Let’s start by making it clear that the vast majority of builders are passionate about what they do and work hard to provide their customers with the highest caliber of new homes.

The following milestones are usually where these routine checks are most likely to take place. Every owner decides to have a new home inspection in Melbourne at each point indicated here.

green potted leaf plant beside white wooden door

1. Examining the frames

The frame stage inspection is carried out after the wall and roof frames are finished and is done before the owner pays the builder for the frame stage. It is crucial to conduct a thorough evaluation of the frame’s overall integrity and quality.

While a building surveyor must approve the frame and is normally chosen by the owner, an independent inspector can review the surveyor’s conclusions and work to verify that any issues are properly handled and fixed by the builder.

2. Pre-plaster check 

Prior to the installation of plaster on the walls and ceilings, this check is carried out. It offers an additional chance to confirm that any suggested corrections as a consequence of the Frame examination have been made. Making sure the frame is straight during this examination is essential in order for the plaster to be straight as well.

This is one of the three milestones at which it is commonly acknowledged that an independent expert’s opinions are crucial for owners who do not intend to hire an inspector at each and every stage indicated here.

3. Inspection of the waterproofing

There are moist places in every house. Unfortunately, this implies that every home has the potential to sustain expensive water damage in varied degrees. The correct, undamaged membranes must be fitted in order to properly waterproof bathrooms, kitchens, toilets, laundries, and even some decking areas in order to stop potentially disastrous leaks.

This inspection typically takes place soon before wall and floor tiles are installed, covering any potentially problematic spots.

In addition to wreaking havoc on a property’s structure and contents, water damage can also have long-term effects including dangerous mould breakouts that pose a major risk to the health of residents.

Mold frequently grows covertly in walls or other spaces where leaks can go unnoticed for extended periods of time. When the owner first realizes there is a problem, it frequently already has major damage.

4. Pre-paint inspection

You are convinced that your new home is safe and completely waterproofed because it has passed its Frame inspection, plastering is finished, and components like skirting and doors have all been installed. The pre-paint examination can now begin. After all, the last thing you want is for a problem to arise after you’ve just finished decorating your home, causing all of your hard work to be entirely undone in order to address underlying issues.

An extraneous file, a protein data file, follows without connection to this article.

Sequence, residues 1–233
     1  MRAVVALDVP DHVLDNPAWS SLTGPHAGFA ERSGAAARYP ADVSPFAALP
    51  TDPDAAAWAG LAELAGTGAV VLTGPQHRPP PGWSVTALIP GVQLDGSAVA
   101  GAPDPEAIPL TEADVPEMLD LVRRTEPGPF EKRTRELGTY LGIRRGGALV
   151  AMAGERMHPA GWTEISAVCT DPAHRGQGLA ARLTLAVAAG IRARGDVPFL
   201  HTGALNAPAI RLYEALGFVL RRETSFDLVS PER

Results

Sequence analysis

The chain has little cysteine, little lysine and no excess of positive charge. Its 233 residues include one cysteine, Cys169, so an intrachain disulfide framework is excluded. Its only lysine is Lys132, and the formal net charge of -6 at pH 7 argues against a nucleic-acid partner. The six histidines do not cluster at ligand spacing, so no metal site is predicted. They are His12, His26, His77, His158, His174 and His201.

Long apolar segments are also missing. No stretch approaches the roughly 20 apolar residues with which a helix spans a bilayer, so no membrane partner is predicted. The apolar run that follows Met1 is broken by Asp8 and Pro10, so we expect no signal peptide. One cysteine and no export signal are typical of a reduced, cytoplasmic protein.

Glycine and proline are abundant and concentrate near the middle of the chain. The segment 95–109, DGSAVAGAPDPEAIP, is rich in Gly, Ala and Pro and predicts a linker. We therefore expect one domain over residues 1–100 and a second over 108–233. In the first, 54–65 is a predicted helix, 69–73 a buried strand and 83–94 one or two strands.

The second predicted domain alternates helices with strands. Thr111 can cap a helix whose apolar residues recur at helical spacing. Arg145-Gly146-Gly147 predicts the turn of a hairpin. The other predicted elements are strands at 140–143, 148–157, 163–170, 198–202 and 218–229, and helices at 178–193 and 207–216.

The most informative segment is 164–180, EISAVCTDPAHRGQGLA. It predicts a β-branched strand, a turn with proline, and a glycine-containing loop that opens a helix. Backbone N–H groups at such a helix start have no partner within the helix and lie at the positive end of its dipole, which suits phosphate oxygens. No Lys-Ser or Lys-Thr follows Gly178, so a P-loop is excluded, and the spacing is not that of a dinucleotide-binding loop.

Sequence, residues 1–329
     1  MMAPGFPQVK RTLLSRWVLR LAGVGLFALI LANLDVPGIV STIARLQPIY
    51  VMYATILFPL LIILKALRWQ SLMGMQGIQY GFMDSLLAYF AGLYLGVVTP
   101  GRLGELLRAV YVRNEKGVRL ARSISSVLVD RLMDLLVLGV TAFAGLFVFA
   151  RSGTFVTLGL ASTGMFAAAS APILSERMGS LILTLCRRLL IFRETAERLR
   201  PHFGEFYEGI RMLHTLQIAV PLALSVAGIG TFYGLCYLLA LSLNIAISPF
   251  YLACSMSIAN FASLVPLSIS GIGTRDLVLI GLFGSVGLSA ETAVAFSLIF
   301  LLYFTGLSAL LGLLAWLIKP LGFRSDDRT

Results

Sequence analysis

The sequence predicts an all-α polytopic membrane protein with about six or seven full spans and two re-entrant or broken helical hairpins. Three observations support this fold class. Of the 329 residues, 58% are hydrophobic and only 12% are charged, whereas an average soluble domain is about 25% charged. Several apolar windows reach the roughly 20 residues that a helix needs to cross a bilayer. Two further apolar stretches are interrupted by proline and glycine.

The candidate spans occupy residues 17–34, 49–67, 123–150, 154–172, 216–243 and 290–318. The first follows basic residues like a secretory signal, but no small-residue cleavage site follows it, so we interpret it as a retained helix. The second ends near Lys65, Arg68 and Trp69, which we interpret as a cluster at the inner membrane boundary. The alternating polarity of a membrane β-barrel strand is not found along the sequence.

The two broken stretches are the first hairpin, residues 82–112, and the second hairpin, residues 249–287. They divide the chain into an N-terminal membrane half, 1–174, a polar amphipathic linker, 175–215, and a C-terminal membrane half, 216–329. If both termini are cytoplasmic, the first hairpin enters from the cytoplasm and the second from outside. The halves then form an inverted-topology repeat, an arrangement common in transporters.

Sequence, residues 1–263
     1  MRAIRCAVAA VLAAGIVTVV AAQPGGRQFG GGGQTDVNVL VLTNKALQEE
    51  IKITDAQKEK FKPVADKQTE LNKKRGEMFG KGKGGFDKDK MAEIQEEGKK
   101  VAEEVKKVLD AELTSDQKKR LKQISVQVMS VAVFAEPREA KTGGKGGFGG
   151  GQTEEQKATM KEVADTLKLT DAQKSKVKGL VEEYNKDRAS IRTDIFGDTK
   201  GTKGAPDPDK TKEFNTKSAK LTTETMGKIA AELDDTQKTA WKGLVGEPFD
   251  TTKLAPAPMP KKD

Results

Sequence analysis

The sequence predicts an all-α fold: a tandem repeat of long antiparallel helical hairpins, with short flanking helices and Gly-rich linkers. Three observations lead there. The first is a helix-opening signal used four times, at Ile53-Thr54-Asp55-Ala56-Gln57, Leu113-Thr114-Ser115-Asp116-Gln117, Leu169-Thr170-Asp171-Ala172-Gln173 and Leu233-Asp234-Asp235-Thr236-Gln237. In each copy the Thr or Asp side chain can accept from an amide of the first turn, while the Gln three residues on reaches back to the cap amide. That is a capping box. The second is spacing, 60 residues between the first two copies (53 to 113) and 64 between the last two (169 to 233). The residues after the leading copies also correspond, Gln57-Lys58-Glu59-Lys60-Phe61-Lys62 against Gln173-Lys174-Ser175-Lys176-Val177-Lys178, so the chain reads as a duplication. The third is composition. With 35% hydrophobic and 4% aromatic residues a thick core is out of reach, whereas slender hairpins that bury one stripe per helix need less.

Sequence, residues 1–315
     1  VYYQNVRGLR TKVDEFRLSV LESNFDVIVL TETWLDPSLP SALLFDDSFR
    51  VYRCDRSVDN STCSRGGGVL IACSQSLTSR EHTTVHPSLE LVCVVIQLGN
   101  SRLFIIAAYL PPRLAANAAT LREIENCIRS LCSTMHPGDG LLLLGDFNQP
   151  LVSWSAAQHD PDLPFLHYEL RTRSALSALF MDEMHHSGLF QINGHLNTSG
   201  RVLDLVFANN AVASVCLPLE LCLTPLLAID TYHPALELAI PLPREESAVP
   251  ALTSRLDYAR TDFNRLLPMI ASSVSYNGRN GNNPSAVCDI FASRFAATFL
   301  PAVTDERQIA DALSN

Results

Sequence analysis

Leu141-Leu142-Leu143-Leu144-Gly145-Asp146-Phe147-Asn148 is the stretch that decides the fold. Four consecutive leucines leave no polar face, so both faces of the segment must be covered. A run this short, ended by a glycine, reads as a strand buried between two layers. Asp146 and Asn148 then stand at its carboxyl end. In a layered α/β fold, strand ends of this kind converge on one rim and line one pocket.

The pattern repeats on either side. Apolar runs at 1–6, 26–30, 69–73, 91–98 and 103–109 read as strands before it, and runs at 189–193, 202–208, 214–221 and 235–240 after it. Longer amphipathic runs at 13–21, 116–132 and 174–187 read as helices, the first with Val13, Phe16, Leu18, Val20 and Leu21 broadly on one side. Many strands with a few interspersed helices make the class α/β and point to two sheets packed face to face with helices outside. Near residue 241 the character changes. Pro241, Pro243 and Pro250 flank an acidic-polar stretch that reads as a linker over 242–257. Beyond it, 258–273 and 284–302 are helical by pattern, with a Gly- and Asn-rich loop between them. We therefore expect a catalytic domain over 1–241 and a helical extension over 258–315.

For instance, brickwork needs to be thoroughly evaluated before the first coat of paint is placed. Bricks must not be damaged, cracked, or chipped. To provide your property with the best possible external protection and a finish that is structurally sound, they must be properly positioned, aligned, mortared, sealed, and rendered.

Pre-painting is one of the three stages of construction where a critical eye and knowledgeable advice are extremely essential, so keep that in mind if you don’t plan to schedule inspections at each of the milestones indicated here.

5. Fixing stage inspection

All fixtures and fittings ought to be fitted by the time a Fixing stage inspection is required. This normally covers everything from baths, basins, and taps to architraves and skirtings.

Inspectors will verify that all necessary components have been installed to the acceptable standards, and this should be done before the builder makes a claim for their Fixing stage payment. If flaws are found, you have solid proof at your disposal to back up your claim until these problems have been fixed.

6. Last-stage evaluation

The hint is clearly in the name when it comes to discussing a Final stage inspection, arguably the most important of all inspections related to the building of a new home. It is the bare minimum in terms of quality control. After your builder notifies you that practical completion has been reached and your new house is ready for occupation, it’s one last chance for you to safeguard yourself against present and potential problems. It’s also a crucial step in the process.

Prior to final handover, payment to the builder, and the official handing over of the keys, it should unquestionably be done. It provides a final chance to verify that the finished property was built in accordance with all legal requirements.

It gives the inspector a chance to examine again to see whether any previously found problems have been satisfactorily fixed and to search for any new flaws that might have appeared after the last inspection was performed.

A final stage inspection is crucial since fixing problems before you move in is easier and less stressful than doing so after you have already moved into your new home.